Valentine’s Day is just around the corner. I’m still rounding up stray pine needles stuck in the rug and eating the few remaining arms and legs of broken gingerbread men. I really don’t need a tempting box of fancy chocolates or a lavish prix-fixe meal out on the town. How can I bring more meaning to a day that has become yet another opportunity to show affection and commitment through expensive presents and bouquets of flowers forced to bloom in the dead of winter?
You don’t have to look far to figure that one out. People in our communities need help all year long. We feel good about ourselves during the holidays when we buy a gift for a needy child or serve a holiday meal at a shelter. Why stop there when you can volunteer or donate to a local nonprofit or charity.
According to last year’s “Valentine’s Day Consumer Intentions and Actions Survey” by the Retail Advertising and Marketing Association, the average annual Valentine’s Day spending reached $13.19 billion. The amount the average American spends on Valentine’s Day is $116.21. Think of how a local nonprofit might spend that money.
Here are five ways to involve nonprofits or volunteering to celebrate Valentine’s Day with meaning.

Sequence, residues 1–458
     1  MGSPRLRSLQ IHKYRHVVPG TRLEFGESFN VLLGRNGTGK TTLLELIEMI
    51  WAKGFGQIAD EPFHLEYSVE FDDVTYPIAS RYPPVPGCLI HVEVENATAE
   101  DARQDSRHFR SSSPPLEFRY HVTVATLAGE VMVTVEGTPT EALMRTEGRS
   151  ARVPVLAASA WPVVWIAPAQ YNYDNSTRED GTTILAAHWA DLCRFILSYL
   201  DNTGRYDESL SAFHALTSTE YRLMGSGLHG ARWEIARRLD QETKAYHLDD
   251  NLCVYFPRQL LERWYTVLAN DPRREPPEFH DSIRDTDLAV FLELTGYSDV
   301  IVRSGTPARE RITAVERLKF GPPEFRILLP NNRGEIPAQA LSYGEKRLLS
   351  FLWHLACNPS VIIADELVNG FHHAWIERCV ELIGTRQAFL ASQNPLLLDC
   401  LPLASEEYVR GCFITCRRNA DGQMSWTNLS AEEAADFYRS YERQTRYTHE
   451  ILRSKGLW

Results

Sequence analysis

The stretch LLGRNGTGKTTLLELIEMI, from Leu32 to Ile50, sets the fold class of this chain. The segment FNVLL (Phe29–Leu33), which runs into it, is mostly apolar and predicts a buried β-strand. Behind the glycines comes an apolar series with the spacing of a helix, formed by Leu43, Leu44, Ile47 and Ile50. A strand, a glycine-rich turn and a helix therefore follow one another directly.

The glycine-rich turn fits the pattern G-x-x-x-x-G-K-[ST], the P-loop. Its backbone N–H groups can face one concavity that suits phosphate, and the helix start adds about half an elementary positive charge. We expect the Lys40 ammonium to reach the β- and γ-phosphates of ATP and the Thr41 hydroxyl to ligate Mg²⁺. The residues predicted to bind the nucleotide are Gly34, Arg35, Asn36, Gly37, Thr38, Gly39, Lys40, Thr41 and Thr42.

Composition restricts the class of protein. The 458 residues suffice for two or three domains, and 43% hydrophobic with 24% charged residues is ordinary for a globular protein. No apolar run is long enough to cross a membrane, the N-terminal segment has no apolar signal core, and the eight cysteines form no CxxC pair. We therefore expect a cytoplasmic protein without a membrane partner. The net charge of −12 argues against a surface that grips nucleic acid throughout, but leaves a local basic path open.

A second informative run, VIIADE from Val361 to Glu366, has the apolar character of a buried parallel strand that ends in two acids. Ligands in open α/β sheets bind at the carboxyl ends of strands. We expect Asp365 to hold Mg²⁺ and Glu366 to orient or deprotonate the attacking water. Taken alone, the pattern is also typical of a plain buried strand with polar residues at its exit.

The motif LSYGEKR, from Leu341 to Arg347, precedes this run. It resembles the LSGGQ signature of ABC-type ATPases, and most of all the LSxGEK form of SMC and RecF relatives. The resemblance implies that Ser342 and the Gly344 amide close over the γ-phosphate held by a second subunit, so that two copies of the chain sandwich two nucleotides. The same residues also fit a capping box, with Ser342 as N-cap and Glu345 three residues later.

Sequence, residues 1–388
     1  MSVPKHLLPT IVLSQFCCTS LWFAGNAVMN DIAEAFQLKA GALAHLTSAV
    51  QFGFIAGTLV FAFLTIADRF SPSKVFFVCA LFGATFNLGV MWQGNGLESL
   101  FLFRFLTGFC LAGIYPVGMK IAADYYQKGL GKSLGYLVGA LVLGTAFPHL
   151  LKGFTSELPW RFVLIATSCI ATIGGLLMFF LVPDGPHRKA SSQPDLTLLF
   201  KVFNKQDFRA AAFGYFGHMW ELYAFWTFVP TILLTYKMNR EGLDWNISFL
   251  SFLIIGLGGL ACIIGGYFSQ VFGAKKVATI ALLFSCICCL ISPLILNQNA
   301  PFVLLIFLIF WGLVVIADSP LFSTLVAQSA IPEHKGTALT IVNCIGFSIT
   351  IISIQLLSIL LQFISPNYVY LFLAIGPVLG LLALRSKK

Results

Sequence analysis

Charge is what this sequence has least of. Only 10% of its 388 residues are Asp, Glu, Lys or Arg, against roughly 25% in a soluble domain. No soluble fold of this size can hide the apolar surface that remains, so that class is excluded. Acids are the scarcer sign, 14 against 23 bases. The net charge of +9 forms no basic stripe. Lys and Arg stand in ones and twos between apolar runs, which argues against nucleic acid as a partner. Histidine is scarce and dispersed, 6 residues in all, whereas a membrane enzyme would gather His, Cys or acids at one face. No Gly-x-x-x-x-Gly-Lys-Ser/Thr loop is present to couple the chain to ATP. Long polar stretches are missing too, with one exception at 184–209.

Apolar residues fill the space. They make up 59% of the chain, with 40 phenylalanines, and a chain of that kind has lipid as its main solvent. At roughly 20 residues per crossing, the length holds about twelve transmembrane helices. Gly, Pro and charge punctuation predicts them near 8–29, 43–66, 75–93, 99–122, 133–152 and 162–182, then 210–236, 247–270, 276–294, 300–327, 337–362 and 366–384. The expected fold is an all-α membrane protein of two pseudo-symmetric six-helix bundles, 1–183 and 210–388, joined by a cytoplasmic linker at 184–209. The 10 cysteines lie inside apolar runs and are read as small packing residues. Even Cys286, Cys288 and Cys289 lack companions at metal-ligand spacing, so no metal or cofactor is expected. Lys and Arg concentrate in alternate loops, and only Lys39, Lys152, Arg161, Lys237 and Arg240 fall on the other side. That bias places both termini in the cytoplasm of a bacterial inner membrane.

Instead of going out to dinner, stay in and cook a special meal for your loved ones. Consider donating the money you saved to a community meal program, like these 2013 top-rated nonprofits:
- FOCO Café (Feeding Our Community Ourselves), Fort Collins, CO. “This team is focused on providing access to healthy, delicious and sustainable food to all members of our community.
- Widbey Island Nourishes, Whidbey Island, WA. One of the volunteers says this program “…provides highly nutritious, ready-made meals at no cost to food insecure youth on South Whidbey Island. Meals are prepared with love by volunteers using high-quality ingredients, including produce from local farms and fruit gleaned from trees throughout the community.”
Rather than a buying a bouquet of flowers, give to a community garden. Your donation will continue to give back as the months go by; those flowers will droop in just a few days. Check out these top-rated nonprofits: